Claims of legitimacy might refer to the divine right of kings or to a social contract (i.e. popular sovereignty). So, an interesting point here to raise in the case of legitimacy in the UK, for example: From where does the UK government and Monarch derive their legitimacy? Do they DARE state they derive it from the “Divine Right of Kings”? Do they DARE? I don’t think so do you?
External sovereignty concerns the relationship between a sovereign power and other states. For example, the United Kingdomuses the following criterion when deciding under what conditions other states recognise a political entity as having sovereignty over some territory;
|“||“Sovereignty.” A government which exercises de facto administrative control over a country and is not subordinate to any other government in that country is a foreign sovereign state.||”|
— (The Arantzazu Mendi,  A.C. 256), Strouds Judicial Dictionary
External sovereignty is connected with questions of international law, such as: when, if ever, is intervention by one country onto another’s territory permissible? According to existing International law, as preached (but not practiced) by the International community through the U.N., the answer to this question is NEVER. Every last war “declared” by the west, therefore, is in breach of International law. Period!
Since the 19th century, legal personhood has been further construed to make it a citizen, resident, or domiciliary of a state (usually for purposes of personal jurisdiction). In Louisville, C. & C.R. Co. v. Letson, 2 How. 497, 558, 11 L.Ed. 353 (1844), the U.S. Supreme Court held that for the purposes of the case at hand, a corporation is “capable of being treated as a citizen of [the State which created it], as much as a natural person.” Ten years later, they reaffirmed the result of Letson, though on the somewhat different theory that “those who use the corporate name, and exercise the faculties conferred by it,” should be presumed conclusively to be citizens of the corporation’s State of incorporation. Marshall v. Baltimore & Ohio R. Co., 16 How. 314, 329, 14 L.Ed. 953 (1854). These concepts have been codified by statute, as U.S. jurisdictional statutes specifically address the domicile of corporations. In the international legal system, various organizations possess legal personality. These include intergovernmental organizations (the United Nations, the Council of Europe) and some other international organizations (including the Sovereign Military Order of Malta, a religious order). Corporations are by definition legal persons. A corporation sole is a corporation constituted by a single member, such as The Crown in the Commonwealth realms. A corporation aggregate is a corporation constituted by more than one member.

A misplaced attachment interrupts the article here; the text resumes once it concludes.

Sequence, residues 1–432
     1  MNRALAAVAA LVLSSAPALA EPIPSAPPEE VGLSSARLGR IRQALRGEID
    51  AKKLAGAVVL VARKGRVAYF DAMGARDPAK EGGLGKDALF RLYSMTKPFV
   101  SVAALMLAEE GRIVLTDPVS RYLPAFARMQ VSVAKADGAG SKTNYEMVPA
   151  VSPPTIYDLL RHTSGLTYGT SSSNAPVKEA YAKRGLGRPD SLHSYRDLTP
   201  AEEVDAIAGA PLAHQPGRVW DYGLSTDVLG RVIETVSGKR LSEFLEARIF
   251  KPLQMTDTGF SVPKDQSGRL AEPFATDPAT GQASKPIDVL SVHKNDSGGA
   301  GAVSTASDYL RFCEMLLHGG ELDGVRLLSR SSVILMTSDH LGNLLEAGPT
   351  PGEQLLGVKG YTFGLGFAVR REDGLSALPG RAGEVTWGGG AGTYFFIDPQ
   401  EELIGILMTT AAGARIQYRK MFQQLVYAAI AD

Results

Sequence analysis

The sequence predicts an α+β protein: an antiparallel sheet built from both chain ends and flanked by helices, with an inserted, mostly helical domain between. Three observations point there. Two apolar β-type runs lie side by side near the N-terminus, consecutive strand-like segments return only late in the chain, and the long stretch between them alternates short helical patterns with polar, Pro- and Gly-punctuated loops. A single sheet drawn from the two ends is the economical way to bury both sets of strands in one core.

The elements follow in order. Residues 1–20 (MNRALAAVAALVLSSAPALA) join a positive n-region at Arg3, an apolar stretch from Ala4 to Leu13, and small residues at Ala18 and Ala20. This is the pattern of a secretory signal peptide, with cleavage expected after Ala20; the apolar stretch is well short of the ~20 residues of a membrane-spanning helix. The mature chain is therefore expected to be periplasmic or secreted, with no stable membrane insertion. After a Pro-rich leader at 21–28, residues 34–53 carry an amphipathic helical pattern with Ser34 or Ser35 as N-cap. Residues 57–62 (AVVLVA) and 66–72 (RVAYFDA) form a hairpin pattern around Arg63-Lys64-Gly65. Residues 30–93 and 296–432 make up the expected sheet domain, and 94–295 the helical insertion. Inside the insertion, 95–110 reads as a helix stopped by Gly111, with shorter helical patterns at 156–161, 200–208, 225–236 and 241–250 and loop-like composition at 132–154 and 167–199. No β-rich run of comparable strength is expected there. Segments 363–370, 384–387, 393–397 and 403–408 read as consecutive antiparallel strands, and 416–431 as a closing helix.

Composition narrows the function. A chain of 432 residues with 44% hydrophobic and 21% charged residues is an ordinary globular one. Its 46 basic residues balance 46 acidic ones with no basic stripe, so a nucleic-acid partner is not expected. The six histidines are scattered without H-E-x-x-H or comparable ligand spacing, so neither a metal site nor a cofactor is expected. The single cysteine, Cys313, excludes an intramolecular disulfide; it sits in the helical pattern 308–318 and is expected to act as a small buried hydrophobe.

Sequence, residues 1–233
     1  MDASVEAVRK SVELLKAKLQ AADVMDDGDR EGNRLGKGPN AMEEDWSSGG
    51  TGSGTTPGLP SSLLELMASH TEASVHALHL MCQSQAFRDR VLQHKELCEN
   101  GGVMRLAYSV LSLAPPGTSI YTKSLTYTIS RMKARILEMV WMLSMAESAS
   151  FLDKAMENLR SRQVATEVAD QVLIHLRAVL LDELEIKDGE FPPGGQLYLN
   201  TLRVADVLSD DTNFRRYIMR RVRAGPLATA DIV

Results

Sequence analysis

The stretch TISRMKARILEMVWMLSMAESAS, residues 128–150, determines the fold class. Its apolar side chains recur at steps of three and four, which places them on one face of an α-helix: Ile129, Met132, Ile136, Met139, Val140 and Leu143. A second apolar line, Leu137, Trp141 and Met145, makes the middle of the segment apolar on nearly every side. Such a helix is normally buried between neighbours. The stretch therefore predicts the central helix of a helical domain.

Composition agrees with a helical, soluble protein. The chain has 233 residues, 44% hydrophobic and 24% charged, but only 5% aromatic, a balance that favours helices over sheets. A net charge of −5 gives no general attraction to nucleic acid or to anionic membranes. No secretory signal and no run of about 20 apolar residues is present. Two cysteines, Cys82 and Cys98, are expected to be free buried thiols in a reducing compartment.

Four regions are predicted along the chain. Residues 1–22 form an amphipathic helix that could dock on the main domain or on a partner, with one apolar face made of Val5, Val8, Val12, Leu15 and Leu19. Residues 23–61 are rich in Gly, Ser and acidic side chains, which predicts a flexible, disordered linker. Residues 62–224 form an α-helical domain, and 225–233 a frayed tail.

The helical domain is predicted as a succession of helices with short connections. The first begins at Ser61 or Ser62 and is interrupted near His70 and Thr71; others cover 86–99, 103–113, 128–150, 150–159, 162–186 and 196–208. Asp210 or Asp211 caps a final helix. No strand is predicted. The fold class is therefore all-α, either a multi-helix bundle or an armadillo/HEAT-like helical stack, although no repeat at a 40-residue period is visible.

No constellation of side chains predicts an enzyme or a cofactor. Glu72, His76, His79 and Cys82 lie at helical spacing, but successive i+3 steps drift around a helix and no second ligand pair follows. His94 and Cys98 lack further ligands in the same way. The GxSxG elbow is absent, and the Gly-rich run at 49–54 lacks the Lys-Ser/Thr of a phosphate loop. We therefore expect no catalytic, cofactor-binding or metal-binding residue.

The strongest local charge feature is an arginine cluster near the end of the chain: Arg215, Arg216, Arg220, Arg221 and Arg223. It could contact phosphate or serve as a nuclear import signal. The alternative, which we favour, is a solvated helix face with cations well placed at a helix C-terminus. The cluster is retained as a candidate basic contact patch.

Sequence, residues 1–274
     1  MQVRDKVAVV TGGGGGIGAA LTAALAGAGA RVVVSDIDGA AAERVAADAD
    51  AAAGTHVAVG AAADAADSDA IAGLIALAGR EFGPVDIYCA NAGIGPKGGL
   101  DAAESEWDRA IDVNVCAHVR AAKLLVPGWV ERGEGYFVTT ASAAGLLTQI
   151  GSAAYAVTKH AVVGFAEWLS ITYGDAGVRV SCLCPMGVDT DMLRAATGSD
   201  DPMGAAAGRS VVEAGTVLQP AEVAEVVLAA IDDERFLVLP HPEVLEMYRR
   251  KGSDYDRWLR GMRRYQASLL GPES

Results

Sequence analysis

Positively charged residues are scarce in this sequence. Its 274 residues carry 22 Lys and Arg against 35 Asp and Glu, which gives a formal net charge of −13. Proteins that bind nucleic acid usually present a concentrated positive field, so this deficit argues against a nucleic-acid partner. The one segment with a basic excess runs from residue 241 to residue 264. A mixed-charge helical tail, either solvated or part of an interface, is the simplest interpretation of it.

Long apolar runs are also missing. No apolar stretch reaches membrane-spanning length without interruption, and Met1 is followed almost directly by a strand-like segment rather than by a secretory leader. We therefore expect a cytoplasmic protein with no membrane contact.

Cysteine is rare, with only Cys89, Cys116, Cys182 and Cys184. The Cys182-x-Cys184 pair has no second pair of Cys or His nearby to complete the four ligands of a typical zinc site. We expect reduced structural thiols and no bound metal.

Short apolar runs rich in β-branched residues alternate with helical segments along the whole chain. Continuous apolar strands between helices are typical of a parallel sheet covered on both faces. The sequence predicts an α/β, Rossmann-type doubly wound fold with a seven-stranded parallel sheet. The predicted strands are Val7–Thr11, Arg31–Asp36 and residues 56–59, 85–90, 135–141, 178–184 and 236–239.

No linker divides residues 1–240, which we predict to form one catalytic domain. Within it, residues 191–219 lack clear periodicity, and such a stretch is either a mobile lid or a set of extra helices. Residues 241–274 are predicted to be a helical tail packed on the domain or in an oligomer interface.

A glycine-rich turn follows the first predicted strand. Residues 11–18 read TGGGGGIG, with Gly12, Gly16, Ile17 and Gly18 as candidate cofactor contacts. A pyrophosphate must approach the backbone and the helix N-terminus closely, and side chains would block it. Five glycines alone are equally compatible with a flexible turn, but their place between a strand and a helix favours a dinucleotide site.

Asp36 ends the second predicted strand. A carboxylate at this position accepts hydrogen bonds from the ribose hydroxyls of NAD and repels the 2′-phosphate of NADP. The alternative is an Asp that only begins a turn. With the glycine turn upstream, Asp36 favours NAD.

Now, please fully appreciate that the above has just stated absolutely clearly and factually that these institutions AND the Crown itself are no more nor less than Legal Persons in their own right. As such, they are, by definition within this legal “matrix” we are all subject to, EQUAL to each and every “Natural Person” (i.e. you and I) on this earth. Again, any judge or any state prosecutor could NOT argue differently. This is simply legal (LEGAL) fact – legal fact that these institutions are LEGAL FICTIONS!
The Juristic Person.I
Author(s): George F. Deiser
Source: University of Pennsylvania LawReview and American Law Register, Vol. 57, No. 3,Volume 48 New Series (Dec., 1908), pp. 131-142
Published by: The University of Pennsylvania Law Review
The law has been playing with such a fiction for centuries, in the course of which, the fiction, instead of disappearing, as it so conveniently does for the mathematician, has increased in girth and height, and has maintained its ghostly existence, in the face of the anathema of the philosopher and the fiat of the judicial decree. In an evil day the law, like the hospitable Arab, who permitted his camel to shelter his head within the domestic tent, gave shelter to an imaginary person-the persona ficta,-then an infant, seemingly of little promise and of precarious tenure of life. The most uninformed mind has an idea of capacities, and can even follow the ramifications by which a man by marrying his first cousin, loses some of his second cousins, or becomes second cousin to his own children, but the separation of individual wills from collective wills is a task which even the academic mind has but unsatisfactorily accomplished. Person, collective property-persona ficta-the name is very nearly matter of indifference so long as we understand by it an existence distinct from the members that compose it; for, be it understood, one may be a member of this corporate body and yet deal with it-may sell to it-buy from it,-in fact, maintain business relations with it, precisely as he does with any other natural person. The matter begins with dogma; men, in law and in philosophy are natural persons. This might be taken to imply that there are also persons of another sort. And that is a fact.